Program Builds Connections between American and African Scientists
Founded in 2012 by Veronica Augustyn, an assistant professor of Materials Science & Engineering at North Carolina State University (Raleigh, N.C.), SciBridge is an organization dedicated to encouraging sustainable energy research collaborations between U.S. and African universities. Augustyn and SciBridge Vice-Chair and Africa Organizer John Paul Eneku, an assistant lecturer in physics at Makerere University (Kampala, Uganda), have coordinated a team of educators, researchers, students and volunteers who last year delivered nearly 30 solar cell experiment kits to students at nine African universities.
More recently, Ocean Optics donated to SciBridge a Red Tide UV-Vis spectrometer, the program’s first instrument donation and “something that is desperately needed in our Ugandan and Ethiopian partner universities,” says Professor Augustyn. The spectrometer will be used by students at Makerere University to characterize the absorption properties of naturally sourced dyes for dye-sensitized solar cells.
At the time of this writing, the Red Tide spectrometer had just arrived at Makerere – an appropriate time to catch up with Professor Augustyn about the SciBridge program and renewable energy research:
Ocean Optics: What inspired you to start SciBridge?
Augustyn: I had a very unique opportunity to attend a National Science Foundation-funded materials research school in Ethiopia as a graduate student. The research school brought together young U.S. and African scientists to learn about materials for renewable energy technologies. The experience was fantastic, and we learned about the latest research in this area from world experts who volunteered their time to teach us. I was inspired by the new ideas, but also left with a deep sense of unfairness that while I would be going back to a fully stocked lab in the U.S., my African colleagues would face drastically different environments that would not be able to support such research.
Ocean Optics: Why is materials science important for students in Africa to explore?
Augustyn: Countries in sub-Saharan Africa have an opportunity to develop their energy infrastructure in a more sustainable manner than developed nations. The limiting factor in most sustainable energy technologies such as solar cells, batteries or electrolyzers are the materials. To develop better technologies, you need to understand how to better engineer the materials. The ultimate goal of SciBridge is to enable African scientists to innovate in their home countries, for the benefit of their home countries.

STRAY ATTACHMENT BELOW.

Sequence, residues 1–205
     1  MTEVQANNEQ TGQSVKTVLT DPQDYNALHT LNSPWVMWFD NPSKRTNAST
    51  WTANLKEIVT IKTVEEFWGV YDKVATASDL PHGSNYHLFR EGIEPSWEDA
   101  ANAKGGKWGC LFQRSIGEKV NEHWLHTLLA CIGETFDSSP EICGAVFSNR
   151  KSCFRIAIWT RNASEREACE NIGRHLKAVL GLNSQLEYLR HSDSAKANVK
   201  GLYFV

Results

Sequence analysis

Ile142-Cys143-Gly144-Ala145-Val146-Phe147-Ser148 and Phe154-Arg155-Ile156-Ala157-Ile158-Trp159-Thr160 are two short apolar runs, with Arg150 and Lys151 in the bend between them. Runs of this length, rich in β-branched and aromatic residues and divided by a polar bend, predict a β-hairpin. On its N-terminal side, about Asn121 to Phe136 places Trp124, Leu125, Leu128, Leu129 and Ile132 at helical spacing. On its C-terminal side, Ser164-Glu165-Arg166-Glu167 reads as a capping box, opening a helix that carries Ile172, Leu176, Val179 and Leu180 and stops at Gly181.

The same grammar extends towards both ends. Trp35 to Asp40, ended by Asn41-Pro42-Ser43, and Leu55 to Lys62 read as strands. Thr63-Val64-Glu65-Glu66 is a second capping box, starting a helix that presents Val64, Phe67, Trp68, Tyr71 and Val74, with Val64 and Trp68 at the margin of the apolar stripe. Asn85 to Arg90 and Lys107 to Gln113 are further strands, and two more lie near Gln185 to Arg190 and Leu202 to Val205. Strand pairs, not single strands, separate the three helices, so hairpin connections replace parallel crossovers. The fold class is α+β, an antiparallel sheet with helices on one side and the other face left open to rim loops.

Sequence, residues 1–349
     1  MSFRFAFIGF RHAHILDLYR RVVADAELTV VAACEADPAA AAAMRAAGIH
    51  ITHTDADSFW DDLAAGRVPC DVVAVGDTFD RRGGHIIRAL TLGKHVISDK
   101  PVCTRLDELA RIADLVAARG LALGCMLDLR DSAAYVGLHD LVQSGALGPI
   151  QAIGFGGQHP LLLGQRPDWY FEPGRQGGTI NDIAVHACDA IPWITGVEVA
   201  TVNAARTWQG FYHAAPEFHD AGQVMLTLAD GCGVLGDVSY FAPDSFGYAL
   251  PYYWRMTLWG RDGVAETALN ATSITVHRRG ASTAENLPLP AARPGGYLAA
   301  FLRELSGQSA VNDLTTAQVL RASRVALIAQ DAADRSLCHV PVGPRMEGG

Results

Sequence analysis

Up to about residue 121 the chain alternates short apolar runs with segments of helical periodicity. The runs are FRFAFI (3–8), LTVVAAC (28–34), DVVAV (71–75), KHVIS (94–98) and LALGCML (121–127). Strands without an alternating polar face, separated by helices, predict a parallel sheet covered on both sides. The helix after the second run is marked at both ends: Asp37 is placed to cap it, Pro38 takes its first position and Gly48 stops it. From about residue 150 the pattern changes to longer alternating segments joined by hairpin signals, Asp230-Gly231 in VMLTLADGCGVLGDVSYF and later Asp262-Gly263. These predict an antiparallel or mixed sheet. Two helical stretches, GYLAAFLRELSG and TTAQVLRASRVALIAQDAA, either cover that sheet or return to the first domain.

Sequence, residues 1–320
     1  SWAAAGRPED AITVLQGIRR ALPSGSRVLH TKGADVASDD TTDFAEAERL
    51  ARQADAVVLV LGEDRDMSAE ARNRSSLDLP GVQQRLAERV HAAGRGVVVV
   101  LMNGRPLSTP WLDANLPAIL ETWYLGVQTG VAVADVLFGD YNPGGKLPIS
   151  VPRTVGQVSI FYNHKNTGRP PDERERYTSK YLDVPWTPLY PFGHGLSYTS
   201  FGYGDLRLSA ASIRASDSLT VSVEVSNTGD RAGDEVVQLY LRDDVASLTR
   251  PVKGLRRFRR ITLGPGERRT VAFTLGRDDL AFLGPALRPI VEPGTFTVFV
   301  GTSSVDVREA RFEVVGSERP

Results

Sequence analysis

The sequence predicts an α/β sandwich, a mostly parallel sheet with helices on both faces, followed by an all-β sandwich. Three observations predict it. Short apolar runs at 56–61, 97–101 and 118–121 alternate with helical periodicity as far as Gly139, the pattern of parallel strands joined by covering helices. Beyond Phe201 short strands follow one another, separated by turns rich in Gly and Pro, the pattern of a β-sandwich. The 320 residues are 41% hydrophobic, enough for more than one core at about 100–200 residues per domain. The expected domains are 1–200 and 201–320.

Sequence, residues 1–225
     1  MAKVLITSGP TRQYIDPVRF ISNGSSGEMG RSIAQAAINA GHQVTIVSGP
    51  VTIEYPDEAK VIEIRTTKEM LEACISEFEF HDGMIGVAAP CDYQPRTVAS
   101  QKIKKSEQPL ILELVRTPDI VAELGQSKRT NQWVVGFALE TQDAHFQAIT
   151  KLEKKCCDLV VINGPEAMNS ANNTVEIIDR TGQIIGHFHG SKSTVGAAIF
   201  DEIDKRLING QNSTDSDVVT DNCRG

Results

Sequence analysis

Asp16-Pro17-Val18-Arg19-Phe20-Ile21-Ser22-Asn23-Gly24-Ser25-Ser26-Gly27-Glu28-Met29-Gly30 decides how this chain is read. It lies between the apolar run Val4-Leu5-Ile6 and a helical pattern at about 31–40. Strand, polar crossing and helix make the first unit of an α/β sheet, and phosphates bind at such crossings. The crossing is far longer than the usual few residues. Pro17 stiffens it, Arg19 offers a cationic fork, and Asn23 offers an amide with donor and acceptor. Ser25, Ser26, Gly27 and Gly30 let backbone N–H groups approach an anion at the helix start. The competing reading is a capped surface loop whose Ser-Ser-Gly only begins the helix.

Ocean Optics: How much opportunity have you had to interact with the students that SciBridge is working with?
Augustyn: I had the chance to meet my SciBridge African collaborator, John Paul Eneku of Makerere University, on a couple of occasions thanks to the Joint U.S.-Africa Materials Initiative. Also, thanks to funding from N.C. State, John Paul will be visiting my research labs this summer and we will work on expanding our collaboration. However, I have not had the chance to interact very much with the students that SciBridge is helping, primarily because travel to Africa is expensive and Internet connectivity is spotty, so many of our webinars have had to be cancelled. We are working to change this and develop more interactions between the U.S. and African students.
Ocean Optics: The students at Makerere will use the Red Tide spectrometer to characterize absorbance properties of dyes for solar cells. What are they looking for with this data?
Augustyn: The students are going to be testing different natural dyes from their local environments for use in dye-sensitized solar cells. The instrument will be used to characterize the absorption properties of the dyes and then correlate these with the solar cell performance.
Ocean Optics: Even as the public’s interest in sustainable energy ebbs and flows with the price of gasoline, the scientific community continues its research. How far has the world progressed in lessening its dependence on fossil fuels? How is spectroscopy helping?
Augustyn: We are living at a time of unprecedented CO2 levels in the atmosphere. Overall, I do not think the world has progressed significantly in lessening its dependence on fossil fuels. The low cost of oil over the past few years has minimized the importance of sustainable energy for many people in the U.S. On the other hand, during my time in Ethiopia, I found that people there were acutely aware of climate change probably because the society is more agrarian, more connected to the land than in developed countries, and the rising temperatures cannot be ignored when few have the luxury of constant temperatures from air conditioning.
However, there are signs that things are changing and that people are starting to embrace alternative energy technologies. Companies such as Tesla are bringing electric cars to the masses not by telling them that these cars are better for the environment, but by making electric cars that are really cool. The U.S. has installed more energy storage in the power grid in 2015 than at any other time — this is for storing electricity from solar cells — and this is expected to grow even more in coming years.
Materials are the primary limitations in sustainable energy technologies — they’re too expensive, toxic, unstable, inefficient, etc. Characterizing the electronic and optical properties of materials via spectroscopy is critical to understanding exactly how we can make them, and sustainable technologies, better. The scientific community has really thrown its brainpower into the area of sustainable energy, and students are eager to tackle these challenges. I am optimistic that we will find ways to decrease our dependence on fossil fuels as well as mitigate their environmental effects.
[Editor’s note: Discover spectroscopy applications involving sustainable energy technologies.]